One of animation’s greatest and longest-running rivalries made its way to the big screen this past weekend, as Tom & Jerry – also referred to as Tom & Jerry: The Movie in some locations – hit theaters and became available to stream on HBO Max as part of Warner Bros. Studios’ same-day movie release deal with the streaming platform. A mix of live-action and computer animation, this would mark the duo’s second theatrical appearance since 1992’s Tom and Jerry: The Movie which was completely animated.
While the film does include our favorite cat and mouse pairing, most of the plot revolves around ‘down on her luck’ Kayla Forester, who has just finessed her way into working at the high-end New York-based Royal Gate Hotel. Kayla, played by Chloe Grace Moretz (The Amityville Horror, Kick-Ass), finds herself biting off more than she can chew as she is suddenly put in charge of getting things together for the wedding event of the century. However, she’ll first have to handle a little pest problem brought on by Jerry’s new residency at the hotel and the chaos that ensues when she brings in Tom for backup.
Relying heavily on the slapstick humor that the iconic duo is known for, the movie feels very lighthearted in tone and color. Recurring visual gags between the two of them bring a feeling of nostalgia to anyone familiar with the cartoons. To keep with the difference between live-action and animation, rather than just animating our titular characters, most of the animals in the movie are also illustrated. This allows for more outrageous sight gags, as well as the inclusion of other recognizable and fan-favorite characters, such as Butch, Spike, and that one female cat that Tom tried to woo over in several episodes – cue Louis Jordan’s ‘Is You Is or Is You Ain’t My Baby.’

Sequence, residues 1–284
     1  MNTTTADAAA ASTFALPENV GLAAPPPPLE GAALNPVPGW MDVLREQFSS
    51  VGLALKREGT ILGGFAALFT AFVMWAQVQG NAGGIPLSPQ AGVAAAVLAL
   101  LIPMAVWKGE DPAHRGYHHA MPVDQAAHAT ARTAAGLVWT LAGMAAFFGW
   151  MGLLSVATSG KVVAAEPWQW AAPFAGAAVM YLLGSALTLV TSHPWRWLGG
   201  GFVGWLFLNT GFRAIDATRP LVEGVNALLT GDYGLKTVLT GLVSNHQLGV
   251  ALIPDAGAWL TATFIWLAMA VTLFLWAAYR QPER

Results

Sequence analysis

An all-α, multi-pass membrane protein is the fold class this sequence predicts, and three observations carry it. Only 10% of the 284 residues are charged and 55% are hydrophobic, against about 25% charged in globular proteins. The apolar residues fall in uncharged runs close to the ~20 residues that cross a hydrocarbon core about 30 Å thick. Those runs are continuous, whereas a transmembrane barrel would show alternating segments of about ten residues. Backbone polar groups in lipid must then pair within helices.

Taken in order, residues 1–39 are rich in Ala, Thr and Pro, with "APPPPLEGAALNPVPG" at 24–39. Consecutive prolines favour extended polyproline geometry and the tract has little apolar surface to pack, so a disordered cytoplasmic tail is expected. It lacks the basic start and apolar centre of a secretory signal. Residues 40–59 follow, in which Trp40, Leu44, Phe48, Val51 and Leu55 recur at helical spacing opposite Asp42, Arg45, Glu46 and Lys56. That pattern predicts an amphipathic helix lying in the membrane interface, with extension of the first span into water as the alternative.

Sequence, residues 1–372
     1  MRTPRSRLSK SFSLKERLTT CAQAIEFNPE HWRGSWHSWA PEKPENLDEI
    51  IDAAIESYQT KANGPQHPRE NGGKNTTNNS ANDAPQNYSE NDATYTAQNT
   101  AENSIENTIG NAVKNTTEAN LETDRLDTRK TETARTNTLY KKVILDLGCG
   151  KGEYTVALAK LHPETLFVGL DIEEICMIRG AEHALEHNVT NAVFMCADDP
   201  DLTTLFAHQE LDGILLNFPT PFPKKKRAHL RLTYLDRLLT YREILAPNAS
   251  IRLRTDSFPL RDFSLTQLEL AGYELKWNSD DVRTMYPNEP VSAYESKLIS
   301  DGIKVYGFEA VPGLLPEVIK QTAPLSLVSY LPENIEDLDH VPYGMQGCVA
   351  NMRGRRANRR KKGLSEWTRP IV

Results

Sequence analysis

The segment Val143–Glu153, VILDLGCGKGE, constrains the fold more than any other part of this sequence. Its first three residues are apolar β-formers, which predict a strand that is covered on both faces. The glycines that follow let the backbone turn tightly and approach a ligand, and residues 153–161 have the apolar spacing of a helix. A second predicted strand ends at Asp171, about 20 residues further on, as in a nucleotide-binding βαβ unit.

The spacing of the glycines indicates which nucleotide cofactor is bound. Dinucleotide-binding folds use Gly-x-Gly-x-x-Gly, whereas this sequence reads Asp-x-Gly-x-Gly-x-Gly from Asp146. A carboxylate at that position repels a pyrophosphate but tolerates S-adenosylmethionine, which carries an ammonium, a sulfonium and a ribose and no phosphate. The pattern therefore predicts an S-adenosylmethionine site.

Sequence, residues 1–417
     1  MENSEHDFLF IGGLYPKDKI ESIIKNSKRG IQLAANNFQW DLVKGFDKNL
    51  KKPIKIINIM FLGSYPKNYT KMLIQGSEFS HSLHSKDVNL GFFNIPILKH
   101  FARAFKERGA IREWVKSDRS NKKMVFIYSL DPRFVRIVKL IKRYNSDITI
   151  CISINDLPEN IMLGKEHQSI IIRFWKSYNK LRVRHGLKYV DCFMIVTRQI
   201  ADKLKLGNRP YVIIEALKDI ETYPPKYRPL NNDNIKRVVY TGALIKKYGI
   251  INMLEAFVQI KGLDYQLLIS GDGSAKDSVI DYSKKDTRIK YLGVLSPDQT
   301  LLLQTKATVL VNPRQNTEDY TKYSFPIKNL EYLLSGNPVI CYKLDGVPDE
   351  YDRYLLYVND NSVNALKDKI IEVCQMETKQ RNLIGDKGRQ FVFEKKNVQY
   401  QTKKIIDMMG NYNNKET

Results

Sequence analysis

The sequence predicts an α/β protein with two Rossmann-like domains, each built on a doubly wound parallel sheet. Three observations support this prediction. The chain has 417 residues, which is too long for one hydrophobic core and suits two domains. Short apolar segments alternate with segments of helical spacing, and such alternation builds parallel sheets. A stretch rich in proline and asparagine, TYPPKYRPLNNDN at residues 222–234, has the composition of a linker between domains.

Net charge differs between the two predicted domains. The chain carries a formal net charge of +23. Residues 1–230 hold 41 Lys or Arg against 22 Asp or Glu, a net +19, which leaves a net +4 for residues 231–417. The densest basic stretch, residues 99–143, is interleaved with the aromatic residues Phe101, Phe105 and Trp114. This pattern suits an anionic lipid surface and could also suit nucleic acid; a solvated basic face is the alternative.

The film also utilizes two classic tropes within Tom and Jerry’s dynamic, having them act as enemies for the majority of the opening act, followed by making them dysfunctional best friends leading towards the movie’s end. Although enjoyable, the movie does suffer the flaw of paying more attention to its human characters than it does to our titular heroes. The plot mostly moves forward as Kayla tries to make up for the trouble that Tom and Jerry’s constant bickering causes for the hotel guests, rather than focusing on them.
Outside of this, the movie does include a very diverse set of characters. Michael Pena (Antman, End of Watch) plays Terence, Kayla’s boss, as well as the event manager of the Royal Gate Hotel, Jordon Bolger (David Makes Man, Peaky Blinders), plays Cameron, an eager and helpful bartender, and Ken Jeong (The Hangover, Crazy Rich Asians) plays Jackie, a worrisome and tightly wound Chef at the hotel. Though not given much to do during the film – besides Pena, who becomes a bit of an antagonist near the end – their presence does add more fun to the duo’s shenanigans.
Overall, Tom & Jerry does have its charms, despite the lack of central focus on our favorite cat and mouse themselves. For those looking for a piece of nostalgia – even at a small dose – it’s definitely worth the watch.
Rating: 2.5/5 Stars